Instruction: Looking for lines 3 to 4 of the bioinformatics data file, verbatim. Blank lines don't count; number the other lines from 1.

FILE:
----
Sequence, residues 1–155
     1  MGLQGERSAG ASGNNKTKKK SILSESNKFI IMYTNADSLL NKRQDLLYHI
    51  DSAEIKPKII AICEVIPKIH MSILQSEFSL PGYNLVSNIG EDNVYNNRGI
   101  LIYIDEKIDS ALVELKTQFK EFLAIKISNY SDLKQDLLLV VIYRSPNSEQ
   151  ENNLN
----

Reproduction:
    51  DSAEIKPKII AICEVIPKIH MSILQSEFSL PGYNLVSNIG EDNVYNNRGI
   101  LIYIDEKIDS ALVELKTQFK EFLAIKISNY SDLKQDLLLV VIYRSPNSEQ